|The moment I
realized that God existed, I knew I could not do
otherwise than to live for Him alone.
(Charles de Foucauld)
CHRISTIAN WRITERS AND
PREACHERS through the ages have compared the journey of the
soul to a pilgrimage. Whether the imagery is of passing from
darkness to light, or from imperfection to a greater degree
of perfection, many have found that the Lord takes us
through different stages on our journey to eternity.
Some years ago we went as a family for a wonderful walk in
the Lake District. The path led beside a river that sparkled
in the morning sunshine. The fragrant smells of a
particularly fine spring brought joy to the heart, even
though there were some perilous moments as we scrambled over
outcrops of rock above the fast-flowing river. To all
intents and purposes, however, we were walking beside a
River of Delights.
A mile or so later, the path we were following turned away
from the river and headed steeply uphill. Now the way was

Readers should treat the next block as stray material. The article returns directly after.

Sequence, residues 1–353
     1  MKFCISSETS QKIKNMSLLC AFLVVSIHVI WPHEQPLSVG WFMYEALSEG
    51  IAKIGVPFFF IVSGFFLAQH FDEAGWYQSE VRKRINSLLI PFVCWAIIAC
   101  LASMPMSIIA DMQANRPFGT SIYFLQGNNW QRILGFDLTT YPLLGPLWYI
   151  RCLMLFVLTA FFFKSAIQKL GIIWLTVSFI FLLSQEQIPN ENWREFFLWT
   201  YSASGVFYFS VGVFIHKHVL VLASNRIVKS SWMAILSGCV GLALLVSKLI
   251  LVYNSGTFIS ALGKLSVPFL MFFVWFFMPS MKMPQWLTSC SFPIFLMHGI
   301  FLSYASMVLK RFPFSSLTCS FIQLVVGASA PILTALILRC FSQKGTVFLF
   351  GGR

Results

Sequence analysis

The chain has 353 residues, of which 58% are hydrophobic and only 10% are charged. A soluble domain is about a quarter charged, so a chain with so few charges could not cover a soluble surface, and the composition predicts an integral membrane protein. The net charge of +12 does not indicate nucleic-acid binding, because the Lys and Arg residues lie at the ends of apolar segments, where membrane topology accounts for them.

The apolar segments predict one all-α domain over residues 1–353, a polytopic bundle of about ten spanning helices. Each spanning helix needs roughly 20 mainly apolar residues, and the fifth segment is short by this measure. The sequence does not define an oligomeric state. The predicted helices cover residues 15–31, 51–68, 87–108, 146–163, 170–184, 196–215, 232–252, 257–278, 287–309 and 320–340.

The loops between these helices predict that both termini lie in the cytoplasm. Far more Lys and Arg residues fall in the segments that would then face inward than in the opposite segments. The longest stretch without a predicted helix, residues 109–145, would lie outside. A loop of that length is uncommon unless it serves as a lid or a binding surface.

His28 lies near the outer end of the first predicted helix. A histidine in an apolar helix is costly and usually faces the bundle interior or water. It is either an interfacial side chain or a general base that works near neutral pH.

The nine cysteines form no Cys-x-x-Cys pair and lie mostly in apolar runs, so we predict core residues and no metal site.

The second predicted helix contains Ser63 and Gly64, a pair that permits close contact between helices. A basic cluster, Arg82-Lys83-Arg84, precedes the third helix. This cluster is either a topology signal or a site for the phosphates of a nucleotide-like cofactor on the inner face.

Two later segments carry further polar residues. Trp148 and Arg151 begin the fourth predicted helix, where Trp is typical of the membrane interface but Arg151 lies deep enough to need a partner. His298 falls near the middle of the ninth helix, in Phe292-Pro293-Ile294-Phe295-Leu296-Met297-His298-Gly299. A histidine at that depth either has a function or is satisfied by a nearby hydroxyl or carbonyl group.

narrow, hemmed in by the mountains. Several times our
youngest child tripped and fell. This stage of our walk was
hard and tedious: a real Ascent of Toil.
Eventually, and not without wondering if we would ever make
it, we reached the Broad Open Spaces, high above the
tree-line. Here we were rewarded by that special sense of
exhilaration one enjoys on the fell tops, the silence that
is so complete and yet so invigorating, crisp fresh air and
endless panoramas stretching out in all directions.
We can view these different
stages of our walk as a parable of the inner life. The River
of Delights, the Ascent of Toil and the Broad Open Spaces
correspond broadly to the three main phases of our
pilgrimage: firstly the Promise, then the Preparation (or
Proving) and finally the place of Provision (or Fulfilment).
These stages depict the phases of our pilgrimage so aptly
that I have used them as a starting point around which to
base much of the teaching in this book. They are not
watertight or static stages, of course, such as Childhood,
Adolescence and Adulthood, but are cyclical. As we are
faithful with one commission, so the Lord leads us on to new
and higher callings. These in turn entail further Ascents of
Toil, before unfurling into a place of yet greater
When we first come to know Him, many of us experience an
outpouring of God’s love. Even though there may be a spate
of racing water and alarming situations to negotiate, this
flood-tide of initial grace can be likened to a River of
Delights. It is a season of special grace and favour, a
glorious introduction to the riches of intimacy with God. We
shall share much about the pace of life we must set
ourselves if we are to experience more of the Lord’s
presence, and consider the process of spiritual reflection